BMC Psychiatry volume 21, Article number: 309 (2021) https://doi.org/10.1186/s12888-021-03308-w
Aras Neriman, Yilmaz Hakan & Ucuncu Ozge
The 40 people had schizophrenia for 14 years on average
Those with the lowest vitamin D levels were given 50,000 IU weekly for 8 weeks
Overview Schizophrenia and Vitamin D contains the following summary
Many reasons to think that schizophrenia is associated with low vitamin D
1) 97% of patients with schizophrenia are vitamin D deficient
2) Schizophrenia varies with latitude (UVB) by 10X (controversy)
3) Schizophrenia is more common in those with dark skin (when away from the equator)
4) Schizophrenia is associated with low natal vitamin D
5) Schizophrenia has been increasing around the world when vitamin D has been decreasing (controversy)
6) Schizophrenia is associated with low birth rate, which is associated with low vitamin D
7) Schizophrenia is associated with Autism which is associated with low vitamin D
8) Schizophrenia Bulletin Editorial (Jan 2014) speculated that Vitamin D could be a major player
9) Schizophrenia 2X more likely if low vitamin D - meta-analysis
10) Schizophrenia increased 40 % for Spring births after Danes stopped vitamin D fortification
11) Schizophrenia is associated with season of birth
12) Schizophrenia is associated with poor Vitamin D Receptor genes
13) Schizophrenia risk is decreased if give Vitamin D after birth
14) Schizophrenia symptoms reduced when Vitamin D levels are restored
Schizophrenia is a multifactorial disease involving interactions between genetic and environmental factors. Vitamin D has recently been linked to many metabolic diseases and schizophrenia. Vitamin D plays essential roles in the brain in the context of neuroplasticity, neurotransmitter biosynthesis, neuroprotection, and neurotransmission. Vitamin D receptors are demonstrated in most brain regions that are related to schizophrenia. However, very few studies in the literature examine the effects of 25-hydroxyvitamin D (25OHD) on schizophrenia symptoms.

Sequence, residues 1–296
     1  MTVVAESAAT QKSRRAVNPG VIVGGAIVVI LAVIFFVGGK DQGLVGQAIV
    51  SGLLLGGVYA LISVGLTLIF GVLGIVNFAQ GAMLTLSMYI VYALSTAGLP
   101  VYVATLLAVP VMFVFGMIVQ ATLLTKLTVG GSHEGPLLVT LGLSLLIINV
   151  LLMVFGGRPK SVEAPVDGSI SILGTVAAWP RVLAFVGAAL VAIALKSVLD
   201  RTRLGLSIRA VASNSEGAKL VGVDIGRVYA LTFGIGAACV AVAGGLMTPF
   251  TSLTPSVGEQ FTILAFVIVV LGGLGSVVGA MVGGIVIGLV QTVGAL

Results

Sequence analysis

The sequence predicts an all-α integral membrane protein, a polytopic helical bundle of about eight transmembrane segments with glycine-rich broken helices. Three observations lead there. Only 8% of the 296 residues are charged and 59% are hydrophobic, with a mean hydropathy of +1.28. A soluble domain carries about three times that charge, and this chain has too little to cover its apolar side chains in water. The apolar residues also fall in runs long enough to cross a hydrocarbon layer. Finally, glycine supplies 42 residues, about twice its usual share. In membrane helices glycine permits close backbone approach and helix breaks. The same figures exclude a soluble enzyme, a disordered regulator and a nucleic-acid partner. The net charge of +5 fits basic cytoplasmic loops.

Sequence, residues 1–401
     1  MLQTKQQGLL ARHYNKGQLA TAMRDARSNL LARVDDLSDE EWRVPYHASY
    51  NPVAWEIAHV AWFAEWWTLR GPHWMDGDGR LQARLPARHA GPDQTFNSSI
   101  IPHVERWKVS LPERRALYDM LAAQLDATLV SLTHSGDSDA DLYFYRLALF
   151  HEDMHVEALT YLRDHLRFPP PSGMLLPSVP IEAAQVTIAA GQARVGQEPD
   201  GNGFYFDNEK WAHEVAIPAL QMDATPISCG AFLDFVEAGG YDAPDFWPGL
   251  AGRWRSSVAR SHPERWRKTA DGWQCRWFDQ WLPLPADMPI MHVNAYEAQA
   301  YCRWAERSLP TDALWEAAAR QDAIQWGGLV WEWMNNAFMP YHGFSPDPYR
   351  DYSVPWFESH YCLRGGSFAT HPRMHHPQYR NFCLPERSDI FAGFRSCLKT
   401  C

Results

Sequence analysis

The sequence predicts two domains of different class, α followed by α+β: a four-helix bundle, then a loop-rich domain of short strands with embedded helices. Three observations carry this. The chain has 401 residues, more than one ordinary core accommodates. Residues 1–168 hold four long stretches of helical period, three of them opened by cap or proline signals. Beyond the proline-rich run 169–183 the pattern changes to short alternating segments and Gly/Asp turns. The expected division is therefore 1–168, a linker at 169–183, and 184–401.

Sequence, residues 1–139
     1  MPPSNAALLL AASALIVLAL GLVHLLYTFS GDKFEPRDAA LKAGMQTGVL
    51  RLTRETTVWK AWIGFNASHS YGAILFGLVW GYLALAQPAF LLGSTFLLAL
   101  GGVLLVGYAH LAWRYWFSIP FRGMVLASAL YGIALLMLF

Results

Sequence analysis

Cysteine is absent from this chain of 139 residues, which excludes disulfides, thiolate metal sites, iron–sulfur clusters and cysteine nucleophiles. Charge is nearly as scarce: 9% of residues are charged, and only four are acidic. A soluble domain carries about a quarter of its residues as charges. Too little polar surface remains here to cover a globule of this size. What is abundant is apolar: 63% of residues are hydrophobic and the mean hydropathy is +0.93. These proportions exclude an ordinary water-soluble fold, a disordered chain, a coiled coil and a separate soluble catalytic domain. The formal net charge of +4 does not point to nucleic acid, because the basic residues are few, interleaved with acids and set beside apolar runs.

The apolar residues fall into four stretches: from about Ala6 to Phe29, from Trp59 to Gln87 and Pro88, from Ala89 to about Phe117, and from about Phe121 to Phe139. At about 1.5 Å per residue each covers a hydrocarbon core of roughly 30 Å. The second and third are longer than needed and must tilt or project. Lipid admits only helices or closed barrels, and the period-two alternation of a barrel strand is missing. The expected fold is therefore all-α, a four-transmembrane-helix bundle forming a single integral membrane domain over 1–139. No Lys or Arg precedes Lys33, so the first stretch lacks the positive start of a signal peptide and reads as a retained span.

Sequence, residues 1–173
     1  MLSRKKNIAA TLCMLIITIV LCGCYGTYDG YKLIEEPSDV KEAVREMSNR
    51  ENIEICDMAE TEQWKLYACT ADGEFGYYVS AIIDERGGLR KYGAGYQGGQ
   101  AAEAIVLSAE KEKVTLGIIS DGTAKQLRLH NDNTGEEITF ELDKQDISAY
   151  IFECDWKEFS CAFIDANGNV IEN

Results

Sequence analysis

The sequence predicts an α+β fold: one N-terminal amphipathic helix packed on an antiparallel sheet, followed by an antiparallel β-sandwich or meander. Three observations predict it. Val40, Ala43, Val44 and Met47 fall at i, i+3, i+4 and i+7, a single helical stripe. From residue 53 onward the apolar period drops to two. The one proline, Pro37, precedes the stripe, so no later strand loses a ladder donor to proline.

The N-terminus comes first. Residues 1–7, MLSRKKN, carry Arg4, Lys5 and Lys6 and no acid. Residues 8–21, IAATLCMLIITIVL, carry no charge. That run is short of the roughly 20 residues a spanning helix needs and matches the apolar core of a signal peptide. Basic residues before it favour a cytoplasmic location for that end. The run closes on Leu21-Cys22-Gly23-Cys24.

This study aimed to examine the effects of vitamin D replacement on positive, negative, and cognitive symptoms of schizophrenia. Serum 25OHD levels of 52 schizophrenia patients were measured. SANS and SAPS were used to evaluate the severity of schizophrenia symptoms, and the Wisconsin Card Sorting Test: CV4 was used for cognitive assessment. The study was completed with 40 patients for various reasons. The patients whose serum 25OHD reached optimal levels after vitamin D replacement were reevaluated with the same scales in terms of symptom severity. The SPSS 25 package program was used for statistical analysis. The Independent-Samples t-test was used to examine the relationship between the variables that may affect vitamin D levels and the vitamin D level and to examine whether vitamin D levels had an initial effect on the scale scores.
The mean plasma 25OHD levels of the patients was 17.87 ± 5.54. A statistically significant relationship was found only between the duration of sunlight exposure and 25 OHD level (p < 0.05). The mean SANS and SAPS scores of the participants after 25OHD replacement (23.60 ± 15.51 and 7.78 ± 8.84, respectively) were statistically significantly lower than mean SANS and SAPS scores before replacement (51.45 ± 17.96 and 18.58 ± 15.59, respectively) (p < 0.001 for all). Only the total attention score was significantly improved after replacement (p < 0.05).
The data obtained from our study suggest that eliminating the 25OHD deficiency together with antipsychotic treatment can improve the total attention span and positive and negative symptoms in schizophrenia. The 25OHD levels should be regularly measured, replacement should be started when necessary, and the patients should be encouraged to get sunlight exposure to keep optimal 25OHD levels.